What’s next for AZ Career and Technical Education?

What's next for AZ Career and Technical Education?

Arizona leaders are taking the best ideas from around the world in career and technical education to help more young people succeed, said Bill Symonds, director of Arizona State University’s Global Pathways Institute.

“It is critical to the economic future of Arizona to have a robust and health career and technical education system,” said Jeramy Plumb, superintendent of Mountain Institute JTED in Yavapai County. “It is well documented that large employers choose to build and expand their companies in regions with strong educational systems that are poised to provide the highly trained and certified workforce that they will need to sustain and grow into the future.”

What’s next for AZ career and technical education?

Photo courtesy Mountain Institute Joint Technical Education District

In May, business, education, government and philanthropic leaders from Arizona, Colorado, Nevada, Utah and New Mexico including Gov. Doug Ducey, and ASU president Michael Crow shared their ideas and what’s worked well and developed a call to action during the Southwest Pathways regional conference held in Phoenix and hosted by Global Pathways Institute.

The institute, launched in June 2014 and led by Symonds, the primary author of the Pathways to Prosperity report, aims to prepare youth with multiple pathways to success and engage employers in these pathways.

Two weeks ago, Symonds shared that action plan with Arizona educators at the Association for Career and Technical Education of Arizona and Arizona Department of Education’s “CTE: A Revolution in Education” conference in Tucson.


Bill Symonds, director of Arizona State University’s Global Pathways Institute

Now, a team led by Dr. Sybil Francis, executive director of the Center for the Future of Arizona, and Glenn Hamer, CEO of the Arizona Chamber of Commerce, are working on ways to implement those ideas, Symonds said.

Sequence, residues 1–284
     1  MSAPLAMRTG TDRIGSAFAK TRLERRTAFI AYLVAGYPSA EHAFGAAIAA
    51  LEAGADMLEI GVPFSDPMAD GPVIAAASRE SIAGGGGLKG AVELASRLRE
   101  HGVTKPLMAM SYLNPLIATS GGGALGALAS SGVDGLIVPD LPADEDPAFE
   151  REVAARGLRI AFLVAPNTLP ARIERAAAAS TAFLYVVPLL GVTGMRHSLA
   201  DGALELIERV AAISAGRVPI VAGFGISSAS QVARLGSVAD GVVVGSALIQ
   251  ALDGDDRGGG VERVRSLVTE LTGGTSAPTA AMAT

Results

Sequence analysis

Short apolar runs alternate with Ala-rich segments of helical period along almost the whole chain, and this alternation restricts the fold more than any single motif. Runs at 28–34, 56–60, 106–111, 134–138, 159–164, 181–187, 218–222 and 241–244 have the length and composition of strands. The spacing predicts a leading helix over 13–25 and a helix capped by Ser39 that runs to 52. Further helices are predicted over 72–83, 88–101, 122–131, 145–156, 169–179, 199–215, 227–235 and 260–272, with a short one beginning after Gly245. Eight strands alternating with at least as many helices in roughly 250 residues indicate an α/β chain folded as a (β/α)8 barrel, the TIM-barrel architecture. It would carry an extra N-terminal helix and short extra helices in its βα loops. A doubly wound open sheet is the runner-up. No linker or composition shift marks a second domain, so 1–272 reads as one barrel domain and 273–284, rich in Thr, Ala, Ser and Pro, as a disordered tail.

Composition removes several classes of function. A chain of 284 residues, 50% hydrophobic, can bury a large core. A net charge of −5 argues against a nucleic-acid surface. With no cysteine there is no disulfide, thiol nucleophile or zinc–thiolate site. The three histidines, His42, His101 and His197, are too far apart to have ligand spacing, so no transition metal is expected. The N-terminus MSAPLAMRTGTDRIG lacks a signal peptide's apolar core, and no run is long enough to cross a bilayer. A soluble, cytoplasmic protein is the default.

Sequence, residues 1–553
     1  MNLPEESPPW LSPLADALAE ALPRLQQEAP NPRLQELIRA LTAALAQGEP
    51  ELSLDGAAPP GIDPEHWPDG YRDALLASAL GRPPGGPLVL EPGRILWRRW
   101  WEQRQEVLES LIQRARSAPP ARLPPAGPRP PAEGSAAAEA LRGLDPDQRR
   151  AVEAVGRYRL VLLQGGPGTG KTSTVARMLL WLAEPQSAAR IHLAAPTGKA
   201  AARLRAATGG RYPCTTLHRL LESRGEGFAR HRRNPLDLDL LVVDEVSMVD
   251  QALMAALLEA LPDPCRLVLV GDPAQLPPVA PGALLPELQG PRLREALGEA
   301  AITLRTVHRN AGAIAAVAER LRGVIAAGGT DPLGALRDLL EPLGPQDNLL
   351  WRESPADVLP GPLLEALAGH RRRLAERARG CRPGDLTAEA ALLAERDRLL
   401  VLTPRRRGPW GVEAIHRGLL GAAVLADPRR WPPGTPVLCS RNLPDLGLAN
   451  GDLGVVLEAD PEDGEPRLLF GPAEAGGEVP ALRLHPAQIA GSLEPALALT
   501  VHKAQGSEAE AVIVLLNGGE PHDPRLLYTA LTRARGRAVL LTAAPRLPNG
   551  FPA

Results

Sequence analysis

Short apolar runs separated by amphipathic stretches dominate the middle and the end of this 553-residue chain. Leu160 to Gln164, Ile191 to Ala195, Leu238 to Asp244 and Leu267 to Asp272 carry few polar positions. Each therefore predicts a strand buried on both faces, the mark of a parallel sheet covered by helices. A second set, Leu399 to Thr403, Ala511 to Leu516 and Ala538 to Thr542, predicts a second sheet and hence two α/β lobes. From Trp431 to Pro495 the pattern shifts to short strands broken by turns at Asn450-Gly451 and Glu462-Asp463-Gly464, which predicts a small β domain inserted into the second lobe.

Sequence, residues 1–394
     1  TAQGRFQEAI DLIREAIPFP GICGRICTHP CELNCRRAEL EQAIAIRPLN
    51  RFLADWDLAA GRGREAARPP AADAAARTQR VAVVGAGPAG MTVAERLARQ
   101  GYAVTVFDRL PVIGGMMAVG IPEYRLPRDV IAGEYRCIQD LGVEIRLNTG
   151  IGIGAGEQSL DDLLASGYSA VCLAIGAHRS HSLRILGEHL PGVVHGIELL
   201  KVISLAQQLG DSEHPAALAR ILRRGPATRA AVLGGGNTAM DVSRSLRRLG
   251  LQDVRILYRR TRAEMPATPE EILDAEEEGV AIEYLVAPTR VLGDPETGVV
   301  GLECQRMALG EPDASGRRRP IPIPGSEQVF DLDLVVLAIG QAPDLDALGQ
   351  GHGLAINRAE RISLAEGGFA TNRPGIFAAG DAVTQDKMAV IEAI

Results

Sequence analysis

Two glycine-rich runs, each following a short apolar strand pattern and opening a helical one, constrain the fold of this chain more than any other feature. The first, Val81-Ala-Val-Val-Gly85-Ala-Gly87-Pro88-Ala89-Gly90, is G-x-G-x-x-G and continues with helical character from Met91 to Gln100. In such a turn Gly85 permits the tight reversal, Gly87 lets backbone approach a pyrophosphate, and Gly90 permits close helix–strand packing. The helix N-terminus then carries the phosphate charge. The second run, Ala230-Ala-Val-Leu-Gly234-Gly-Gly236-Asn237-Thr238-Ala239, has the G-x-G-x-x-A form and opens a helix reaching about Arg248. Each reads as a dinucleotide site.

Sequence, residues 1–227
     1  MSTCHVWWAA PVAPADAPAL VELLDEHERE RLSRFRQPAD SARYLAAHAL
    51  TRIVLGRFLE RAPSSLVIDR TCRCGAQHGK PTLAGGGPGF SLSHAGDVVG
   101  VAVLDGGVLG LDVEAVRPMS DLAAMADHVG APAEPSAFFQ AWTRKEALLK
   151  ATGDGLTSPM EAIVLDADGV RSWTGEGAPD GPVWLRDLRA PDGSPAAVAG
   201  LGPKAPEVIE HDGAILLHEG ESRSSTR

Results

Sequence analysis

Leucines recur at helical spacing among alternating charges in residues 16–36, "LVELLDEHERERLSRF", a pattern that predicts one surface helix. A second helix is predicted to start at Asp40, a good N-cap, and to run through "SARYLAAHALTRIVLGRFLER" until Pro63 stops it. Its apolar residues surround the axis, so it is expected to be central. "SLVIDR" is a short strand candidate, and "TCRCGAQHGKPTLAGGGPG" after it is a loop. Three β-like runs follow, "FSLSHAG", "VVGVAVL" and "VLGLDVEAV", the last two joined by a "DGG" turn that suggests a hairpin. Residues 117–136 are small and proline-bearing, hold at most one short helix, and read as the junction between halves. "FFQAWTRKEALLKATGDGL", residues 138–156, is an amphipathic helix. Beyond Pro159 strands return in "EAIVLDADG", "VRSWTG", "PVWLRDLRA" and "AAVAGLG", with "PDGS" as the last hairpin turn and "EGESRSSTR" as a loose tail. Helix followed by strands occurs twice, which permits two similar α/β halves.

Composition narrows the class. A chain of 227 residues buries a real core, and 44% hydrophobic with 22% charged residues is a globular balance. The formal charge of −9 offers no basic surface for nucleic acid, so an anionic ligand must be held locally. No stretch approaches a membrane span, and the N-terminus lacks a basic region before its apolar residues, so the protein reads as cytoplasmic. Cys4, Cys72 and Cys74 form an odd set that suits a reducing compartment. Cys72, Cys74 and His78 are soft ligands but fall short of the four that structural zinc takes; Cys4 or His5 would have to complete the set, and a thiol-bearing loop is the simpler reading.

“What we’re talking about is how can we create an education system that’s really going to restore the American Dream for far more students in the state of Arizona and what do we need to do that?” Symonds said.

Career and technical education is an important part of that, Symonds said.

When Arizona’s first Joint Technical Education District – East Valley Institute of Technology – was developed, it was formed on the Oklahoma and Ohio models, which provide multiple districts the ability and opportunity to participate in career and technical education, said Diane McCarthy, director business partnerships, government, public policy and legislation for West-MEC.

“In Arizona, it really is a statewide movement,” McCarthy said.

It provides the opportunity for every student to explore career and technical education in his or her own high school campus and to apply for JTED central campus programs which they would attend in the afternoon, McCarthy said.

EVIT’s Sally Downey: ‘Not all programs labeled as CTE are the same’

Part 1: Can AZ lead in career and technical education education despite millions in cuts?

Part 2: AZ budget cuts reduce career and technical education funding by 53 percent